Chris Sims sits on a set of porch stairs near 38th and Auer in Sherman Park. Sims, who sports purple and black to match his flat-brimmed Baltimore Ravens hat, wears the words “Loyalty” and “Respect” on his forearms. “I don’t know what I really wanna do,” he says. “I guess I’m just gonna have to go explorin’ somewhere. I can’t stand still — gotta move around and get what you want.”
Omar Gayle stands on the porch of a home near the corner of 42nd Street and Auer Avenue. Gayle’s flat-brimmed baseball cap and multi-colored tee pop with fashion, but can’t explain his journey, or where he started from. “I’m a Jamaican,” he says. “It’s a humble beginnin’. We learn to appreciate people and life. I learned to make use of what we got.”
Lonnie Hughes stand just off the curb in front of his home in Sherman Park. He talks with a friend as he leans on the handle of a broom, his right hand covered by a tattered work glove. “When I moved to this neighborhood, it was a fantastic—well, it’s still a great neighborhood,” he says. “People agree, neighbors get along great.”
Lorne Payne sits on a porch in Sherman Park, surrounded by his children. Payne attempts a smile but it’s more a look of fear that comes through — the pain in his eyes is the only thing that’s clear. “My kids keep me alive,” he says. “I love on my kids, make sure they’re happy. I [can] be sad as hell [as] long as my kids happy.”
A group of protesters have taken up residence outside a BP gas station in Sherman Park and are asking community members to take their business elsewhere after an employee dispersed a crowd of Black youth Tuesday night with gunshots.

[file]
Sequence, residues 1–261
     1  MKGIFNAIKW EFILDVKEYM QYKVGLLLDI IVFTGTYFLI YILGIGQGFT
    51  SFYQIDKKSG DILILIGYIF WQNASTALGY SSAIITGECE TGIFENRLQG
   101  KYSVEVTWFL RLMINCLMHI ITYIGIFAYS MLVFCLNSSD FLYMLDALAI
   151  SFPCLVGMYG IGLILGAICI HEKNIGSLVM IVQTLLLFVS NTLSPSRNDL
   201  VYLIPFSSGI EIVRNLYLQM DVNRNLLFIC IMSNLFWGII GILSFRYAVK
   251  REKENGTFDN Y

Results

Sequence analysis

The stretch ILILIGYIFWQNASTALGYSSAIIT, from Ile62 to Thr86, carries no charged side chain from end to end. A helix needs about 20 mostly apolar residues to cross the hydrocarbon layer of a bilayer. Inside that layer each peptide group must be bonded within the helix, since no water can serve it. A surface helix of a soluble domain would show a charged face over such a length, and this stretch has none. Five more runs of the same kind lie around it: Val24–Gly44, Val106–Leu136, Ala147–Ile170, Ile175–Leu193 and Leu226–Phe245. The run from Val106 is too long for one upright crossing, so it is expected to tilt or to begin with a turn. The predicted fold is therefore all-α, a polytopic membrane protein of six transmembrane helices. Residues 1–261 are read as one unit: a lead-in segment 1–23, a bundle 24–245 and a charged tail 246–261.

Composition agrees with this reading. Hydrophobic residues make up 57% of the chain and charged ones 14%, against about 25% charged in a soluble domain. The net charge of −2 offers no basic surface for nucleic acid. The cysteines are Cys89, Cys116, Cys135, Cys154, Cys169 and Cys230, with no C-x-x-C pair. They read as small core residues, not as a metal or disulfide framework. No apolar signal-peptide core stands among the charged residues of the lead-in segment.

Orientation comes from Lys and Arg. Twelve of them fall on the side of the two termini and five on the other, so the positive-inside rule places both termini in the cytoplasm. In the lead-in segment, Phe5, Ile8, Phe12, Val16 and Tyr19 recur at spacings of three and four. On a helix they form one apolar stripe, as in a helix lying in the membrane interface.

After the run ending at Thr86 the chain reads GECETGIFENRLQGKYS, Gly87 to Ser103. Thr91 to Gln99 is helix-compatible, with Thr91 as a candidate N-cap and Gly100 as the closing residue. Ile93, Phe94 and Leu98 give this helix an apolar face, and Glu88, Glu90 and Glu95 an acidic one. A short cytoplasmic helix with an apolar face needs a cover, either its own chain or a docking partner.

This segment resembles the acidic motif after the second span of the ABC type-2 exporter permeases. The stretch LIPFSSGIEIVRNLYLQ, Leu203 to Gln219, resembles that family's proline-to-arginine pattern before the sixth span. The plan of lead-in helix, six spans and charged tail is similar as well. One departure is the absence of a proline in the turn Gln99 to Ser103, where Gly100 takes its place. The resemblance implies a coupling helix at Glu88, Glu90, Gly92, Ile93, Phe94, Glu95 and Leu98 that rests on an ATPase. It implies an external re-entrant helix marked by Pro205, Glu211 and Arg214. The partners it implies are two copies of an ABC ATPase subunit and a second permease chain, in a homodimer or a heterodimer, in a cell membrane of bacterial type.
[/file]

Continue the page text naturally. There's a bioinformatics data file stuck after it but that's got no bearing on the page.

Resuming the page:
Elected officials, city officials and community leaders gathered with youth at Sherman Park in a demonstration of support after a violent standoff the night before between Milwaukee youth and police, but when police detained a young teen tensions flared.
Peaches Ellis leans against a railing of her porch in Sherman Park. The 49-year-old wears a wide smile; her bellowing laugh can be heard early and often, in between sentences, up and down a sunny 41st Street. “It was beautiful, it really was,” says Ellis of growing up in Milwaukee. “That was a long time ago. But it was beautiful because it was more peaceful, everybody got along, everybody helped one another.”
Coleone Davis canvasses the intersection at 35th and Burleigh, sign in hand, hoping for some extra cash. On this hot summer afternoon, Davis rests on a shaded bench in front of the eastbound stoplight of West Burleigh Street. “You know how you fall sometimes? I want to get back up to where I was. And this ain’t me. This ain’t me,” says Davis, who has been out of regular work for about a month.
This story is part of a series focusing on the 30th Street Industrial & Economic Corridor. Lorenzo Williams walks across an empty lot that sits between a row of houses near 29th and Chambers as sunset casts shadows across the open space. Williams sports a heavy leather jacket that sags below his shoulders, despite the still-warm early-fall air. Williams says he grew up in, “this neighborhood, right here.” It was nice, back then, but, after some time, the area took a turn for the worse. “Man, growin’ up, it was pretty decent. The neighborhood was nice but it changed, over the years,” he says.
This story is part of a series focusing on the 30th Street Industrial & Economic Corridor. Wanda Matthews sits in a chair on the sidewalk near the corner of 30th and Chambers on Milwaukee’s north side. Matthews grew up right in the neighborhood, near 30th and Concordia. She says life was good back in the day. There were some bad things but there was good, as well. “We had everything we wanted,” she says, referring to her and her siblings.